Spending a lazy Sunday afternoon with nothing else but the rain outside and a couple of fashion magazines inside I came across an article in the latest issue of i-D. Well an interview to be precise. The star of the ‘The Amazing Spider-Man’: Andrew Garfield was interviewed by Jonathan Crocker for their ‘The lights, camera, action issue’.
After a little trip downtown, a lunch catch up and a few phone calls later I still couldn’t get that interview out of my head and just for the record it wasn’t the only interview I’ve read that morning. You may think I am either a big fan of the actor or the movie but truth to be told I am not a fan of either, well not yet at least as I haven’t seen his performance or the movie. What kept repeating in my head were these three sentences that almost felt like an itching scarf: ‘You have to work for things. I think our generation has a real problem with working for things. We feel entitled.’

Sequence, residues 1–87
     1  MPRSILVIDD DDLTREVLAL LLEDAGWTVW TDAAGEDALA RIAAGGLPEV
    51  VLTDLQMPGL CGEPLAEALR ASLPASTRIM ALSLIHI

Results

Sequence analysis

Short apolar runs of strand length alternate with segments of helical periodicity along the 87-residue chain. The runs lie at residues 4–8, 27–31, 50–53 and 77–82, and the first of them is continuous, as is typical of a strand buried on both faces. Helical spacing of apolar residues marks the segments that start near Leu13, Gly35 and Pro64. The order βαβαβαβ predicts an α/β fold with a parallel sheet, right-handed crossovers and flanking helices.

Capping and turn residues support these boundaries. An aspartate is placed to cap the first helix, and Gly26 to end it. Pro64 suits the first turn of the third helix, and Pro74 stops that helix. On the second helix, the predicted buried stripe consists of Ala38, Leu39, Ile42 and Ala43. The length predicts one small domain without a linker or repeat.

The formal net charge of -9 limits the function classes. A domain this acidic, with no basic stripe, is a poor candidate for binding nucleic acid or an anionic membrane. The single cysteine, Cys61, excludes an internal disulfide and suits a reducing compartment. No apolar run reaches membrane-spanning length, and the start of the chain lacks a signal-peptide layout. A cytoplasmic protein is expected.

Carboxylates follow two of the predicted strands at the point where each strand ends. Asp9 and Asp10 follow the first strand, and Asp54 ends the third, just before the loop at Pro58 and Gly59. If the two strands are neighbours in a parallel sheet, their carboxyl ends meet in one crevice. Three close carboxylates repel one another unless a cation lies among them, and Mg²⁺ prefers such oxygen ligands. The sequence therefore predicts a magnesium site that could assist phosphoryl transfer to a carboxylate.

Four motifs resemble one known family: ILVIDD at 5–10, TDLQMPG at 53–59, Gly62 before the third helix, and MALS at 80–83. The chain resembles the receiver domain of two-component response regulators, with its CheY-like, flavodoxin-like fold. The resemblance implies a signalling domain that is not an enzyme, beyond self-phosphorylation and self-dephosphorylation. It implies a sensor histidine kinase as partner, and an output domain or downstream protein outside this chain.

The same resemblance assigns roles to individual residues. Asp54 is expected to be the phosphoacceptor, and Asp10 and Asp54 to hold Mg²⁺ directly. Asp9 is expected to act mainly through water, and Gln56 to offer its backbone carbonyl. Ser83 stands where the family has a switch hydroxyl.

As the day kept passing and the word ‘entitled’ kept echoing in my mind I couldn’t help myself but wonder whether we really do feel that way? Have we forgotten what it really takes to get to the top or have we just come up with a different way to get there? And do our expectations “to be” exceed our willingness “to do”?
As a fashion student I keep hearing these phrases coming out of others as well as myself (no excuse here): I could have shot this spread; I could have written this article; I could have been the chosen person to contribute for this magazine. I, I and once again I. We are all fast to call ourselves designers, stylists, PR pros and I won’t even mention the bloggers but are we all so fast to work for it the same way we are to act like ones? Is it really that easy or is it the 21st century’s youth myth? I wish it would be as easy as ‘poof you are a stylist’ but isn’t that a bit too much of a fairy tale. Where did the idea of hard work, unpaid internships and disappointment get lost? Everyone seems to have the tricks to get into fashion shows, after parties and somehow get in touch with the well-known and respected. But after all do all of those count or is it just another illusion of being somebody important?